Denmark: and then there were three

Denmark is still about a year away from taking a decision in its new combat aircraft programme, but things got interesting early this week, as the deadline passed for bidders to submit responses to its April request for information.

Boeing is pitching its F/A-18E/F Super Hornet and Eurofighter the Typhoon (the latter in a bid led by partner company Airbus Defence & Space) against Lockheed Martin’s F-35A Joint Strike Fighter. But Sweden’s FXM export body and Saab have withdrawn the Gripen, following a “comprehensive assessment”.


With Denmark being a Level 3 international partner in the JSF programme it’s hard to see how it isn’t going to end up picking the F-35 (US Air Force image above), but the fact that two of Lockheed’s three potential rivals remain involved in the process indicates that its defence ministry has at least set a fair set of exam questions.

It’s either that, or a case of Boeing and Eurofighter having to pursue however much of an opportunity they have, due to their march towards production ends.


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13 Responses to Denmark: and then there were three

  1. Ed 25 July, 2014 at 11:18 am #

    Denmark may be a partner in the JSF programme, but they didn’t sign anything regarding a purchase, did they? I don’t know why people assume the former must lead, as if per law of nature, to the latter. I’ve yet to hear a solid explanation.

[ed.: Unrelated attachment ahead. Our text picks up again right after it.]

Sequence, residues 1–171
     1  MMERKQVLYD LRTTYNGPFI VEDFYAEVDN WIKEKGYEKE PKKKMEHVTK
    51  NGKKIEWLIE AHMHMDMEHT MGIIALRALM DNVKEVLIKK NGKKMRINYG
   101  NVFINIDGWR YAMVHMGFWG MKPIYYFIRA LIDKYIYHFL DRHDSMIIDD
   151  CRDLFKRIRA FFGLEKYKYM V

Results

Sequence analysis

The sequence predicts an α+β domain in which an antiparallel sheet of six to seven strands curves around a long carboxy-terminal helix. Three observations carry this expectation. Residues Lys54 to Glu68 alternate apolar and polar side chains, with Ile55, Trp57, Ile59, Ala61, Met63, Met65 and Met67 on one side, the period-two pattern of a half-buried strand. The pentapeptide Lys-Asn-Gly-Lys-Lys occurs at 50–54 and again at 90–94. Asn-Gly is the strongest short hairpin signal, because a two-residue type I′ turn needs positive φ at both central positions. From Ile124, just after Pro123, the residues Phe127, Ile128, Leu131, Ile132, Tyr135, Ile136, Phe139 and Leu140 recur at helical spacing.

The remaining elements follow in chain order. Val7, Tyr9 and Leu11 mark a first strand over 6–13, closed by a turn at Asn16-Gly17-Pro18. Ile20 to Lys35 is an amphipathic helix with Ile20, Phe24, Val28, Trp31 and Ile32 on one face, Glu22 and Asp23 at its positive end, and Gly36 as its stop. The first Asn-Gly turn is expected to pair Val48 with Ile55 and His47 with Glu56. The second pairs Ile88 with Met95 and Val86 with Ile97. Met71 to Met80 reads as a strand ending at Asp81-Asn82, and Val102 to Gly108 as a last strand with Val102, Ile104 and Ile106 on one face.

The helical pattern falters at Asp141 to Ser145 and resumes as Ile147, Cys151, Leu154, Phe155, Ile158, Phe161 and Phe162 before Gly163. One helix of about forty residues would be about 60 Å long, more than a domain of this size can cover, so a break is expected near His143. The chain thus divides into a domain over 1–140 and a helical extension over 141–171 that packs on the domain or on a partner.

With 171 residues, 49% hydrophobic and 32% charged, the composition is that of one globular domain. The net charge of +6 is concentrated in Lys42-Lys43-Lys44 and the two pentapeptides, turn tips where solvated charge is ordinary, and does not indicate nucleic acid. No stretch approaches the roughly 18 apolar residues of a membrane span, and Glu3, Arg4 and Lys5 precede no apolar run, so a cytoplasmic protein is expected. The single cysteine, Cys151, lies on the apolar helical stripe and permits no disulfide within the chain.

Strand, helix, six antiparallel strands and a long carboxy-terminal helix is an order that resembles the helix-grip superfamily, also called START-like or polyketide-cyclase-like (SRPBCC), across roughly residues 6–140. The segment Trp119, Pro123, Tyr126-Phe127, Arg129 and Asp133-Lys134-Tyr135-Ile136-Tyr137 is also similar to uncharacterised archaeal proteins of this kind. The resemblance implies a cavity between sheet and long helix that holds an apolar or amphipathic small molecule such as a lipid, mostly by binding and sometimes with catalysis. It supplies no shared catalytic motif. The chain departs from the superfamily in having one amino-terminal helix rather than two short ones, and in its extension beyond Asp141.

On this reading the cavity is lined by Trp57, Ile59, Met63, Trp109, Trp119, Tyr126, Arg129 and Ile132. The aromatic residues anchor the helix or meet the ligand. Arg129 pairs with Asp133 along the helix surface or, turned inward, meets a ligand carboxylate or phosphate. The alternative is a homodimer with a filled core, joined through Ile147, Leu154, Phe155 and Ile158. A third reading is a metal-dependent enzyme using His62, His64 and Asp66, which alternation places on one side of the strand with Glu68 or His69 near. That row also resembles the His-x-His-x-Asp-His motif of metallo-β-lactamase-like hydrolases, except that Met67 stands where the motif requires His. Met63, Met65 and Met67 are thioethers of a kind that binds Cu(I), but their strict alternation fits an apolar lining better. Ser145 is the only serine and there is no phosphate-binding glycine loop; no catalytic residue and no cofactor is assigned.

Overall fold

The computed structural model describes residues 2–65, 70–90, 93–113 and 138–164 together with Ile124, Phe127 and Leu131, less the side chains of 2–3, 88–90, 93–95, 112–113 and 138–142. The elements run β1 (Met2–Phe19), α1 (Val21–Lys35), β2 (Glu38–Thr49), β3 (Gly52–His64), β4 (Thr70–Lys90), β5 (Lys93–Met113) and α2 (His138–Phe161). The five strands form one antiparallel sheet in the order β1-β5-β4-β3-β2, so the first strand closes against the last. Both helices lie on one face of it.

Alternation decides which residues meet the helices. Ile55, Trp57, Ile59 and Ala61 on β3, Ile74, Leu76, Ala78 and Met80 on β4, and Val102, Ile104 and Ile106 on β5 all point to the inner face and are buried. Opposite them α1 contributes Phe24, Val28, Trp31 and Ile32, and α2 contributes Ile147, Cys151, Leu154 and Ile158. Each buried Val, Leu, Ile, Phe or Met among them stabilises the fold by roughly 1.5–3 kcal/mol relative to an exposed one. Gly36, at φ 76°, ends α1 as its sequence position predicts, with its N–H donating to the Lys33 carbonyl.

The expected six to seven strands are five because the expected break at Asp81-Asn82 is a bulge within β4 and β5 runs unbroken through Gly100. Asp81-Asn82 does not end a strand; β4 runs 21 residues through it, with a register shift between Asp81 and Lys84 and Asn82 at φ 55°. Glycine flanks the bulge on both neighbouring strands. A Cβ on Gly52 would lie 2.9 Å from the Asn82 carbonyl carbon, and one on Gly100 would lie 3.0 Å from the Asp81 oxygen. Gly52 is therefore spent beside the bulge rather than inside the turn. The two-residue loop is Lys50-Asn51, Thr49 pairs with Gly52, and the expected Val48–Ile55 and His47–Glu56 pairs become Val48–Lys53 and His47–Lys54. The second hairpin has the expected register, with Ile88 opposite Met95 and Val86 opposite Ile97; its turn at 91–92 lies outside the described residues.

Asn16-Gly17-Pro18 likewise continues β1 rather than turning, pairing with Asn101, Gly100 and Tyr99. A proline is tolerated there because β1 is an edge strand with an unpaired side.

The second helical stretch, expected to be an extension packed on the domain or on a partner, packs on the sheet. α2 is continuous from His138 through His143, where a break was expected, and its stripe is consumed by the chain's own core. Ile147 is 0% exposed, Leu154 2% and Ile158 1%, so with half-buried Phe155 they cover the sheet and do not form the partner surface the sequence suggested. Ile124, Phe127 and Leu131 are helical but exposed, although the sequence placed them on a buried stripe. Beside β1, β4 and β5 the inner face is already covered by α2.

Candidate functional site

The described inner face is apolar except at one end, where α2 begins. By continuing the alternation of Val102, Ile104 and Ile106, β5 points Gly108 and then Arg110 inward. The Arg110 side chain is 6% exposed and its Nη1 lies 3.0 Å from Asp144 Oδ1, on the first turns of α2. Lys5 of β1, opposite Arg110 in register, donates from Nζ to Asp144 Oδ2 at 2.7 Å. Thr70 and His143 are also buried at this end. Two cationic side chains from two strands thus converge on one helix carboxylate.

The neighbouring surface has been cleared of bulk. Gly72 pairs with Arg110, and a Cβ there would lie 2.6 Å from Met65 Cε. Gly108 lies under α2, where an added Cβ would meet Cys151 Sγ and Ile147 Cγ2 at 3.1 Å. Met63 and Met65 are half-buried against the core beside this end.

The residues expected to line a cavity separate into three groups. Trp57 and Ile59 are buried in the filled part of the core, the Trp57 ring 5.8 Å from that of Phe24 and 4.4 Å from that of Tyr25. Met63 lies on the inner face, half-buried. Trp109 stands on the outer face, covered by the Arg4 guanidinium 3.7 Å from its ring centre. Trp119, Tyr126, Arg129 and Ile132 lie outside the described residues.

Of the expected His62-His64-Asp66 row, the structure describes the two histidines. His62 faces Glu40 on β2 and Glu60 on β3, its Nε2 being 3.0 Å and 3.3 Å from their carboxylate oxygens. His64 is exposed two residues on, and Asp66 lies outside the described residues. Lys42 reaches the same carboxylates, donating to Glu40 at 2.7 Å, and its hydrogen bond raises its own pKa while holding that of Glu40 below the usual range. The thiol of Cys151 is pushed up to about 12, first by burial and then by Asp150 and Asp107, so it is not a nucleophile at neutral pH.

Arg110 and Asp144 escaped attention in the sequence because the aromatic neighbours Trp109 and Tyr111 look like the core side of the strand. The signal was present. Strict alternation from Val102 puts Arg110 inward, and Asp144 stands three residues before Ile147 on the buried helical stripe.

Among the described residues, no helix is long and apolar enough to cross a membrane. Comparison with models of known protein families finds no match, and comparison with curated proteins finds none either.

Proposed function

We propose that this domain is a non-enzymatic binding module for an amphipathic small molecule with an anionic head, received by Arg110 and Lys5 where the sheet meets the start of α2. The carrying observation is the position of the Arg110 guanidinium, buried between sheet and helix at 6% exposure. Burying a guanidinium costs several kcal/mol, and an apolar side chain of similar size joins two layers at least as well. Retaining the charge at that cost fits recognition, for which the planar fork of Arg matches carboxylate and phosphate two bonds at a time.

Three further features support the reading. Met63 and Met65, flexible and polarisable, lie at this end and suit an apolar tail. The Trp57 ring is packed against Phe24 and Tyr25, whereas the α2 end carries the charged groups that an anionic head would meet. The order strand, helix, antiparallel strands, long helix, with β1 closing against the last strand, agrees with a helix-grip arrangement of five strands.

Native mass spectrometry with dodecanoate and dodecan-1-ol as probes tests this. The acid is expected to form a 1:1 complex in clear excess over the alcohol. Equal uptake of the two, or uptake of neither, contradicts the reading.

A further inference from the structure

I find it strange that the Gripen is out though – did the Swedes make the same assumption as above?

    • Craig Hoyle 25 July, 2014 at 11:30 am #

      There is a solid explanation, Ed: despite all the programme’s well-documented problems, every one of the SDD partner nations – bar Canada and Denmark – have ordered the aircraft. Both of these are pursuing competitions, but they hinge on the requirements being written without phrases like “fifth-generation” being included. I’m not sure that that’s really going to happen!

      • Ed 25 July, 2014 at 3:23 pm #

        I’m sorry Craig, but I’d say that’s an observation rather than an explanation. I would like to know a reason why it seems so inevitable.

        I do agree though that if LO is part of the (absolute, basic) requirements there really isn’t a competition, but perhaps not every country has a need for that? Certainly if it comes at such added cost, a lower-end solution may suffice.

        • Craig Hoyle 25 July, 2014 at 3:53 pm #

          An observation maybe, but it shows how much people have kept faith with this programme, despite its challenges.

          Will Denmark ditch about 30 years of EPAF experience with fellow F-16 operators – who are going F-35 – and also lose the commonality with the USAF valued in places like Libya? I just can’t see it.

          Canada’s use of the classic Hornet has pretty much sidelined its international contributions, and it’s only the “it’s a big country, so it needs two engines” argument that is probably encouraging anyone else to bid there.

          But, as ever, what do any of us know about what really drives such selections?!

          • Negro Diente 26 July, 2014 at 9:18 am #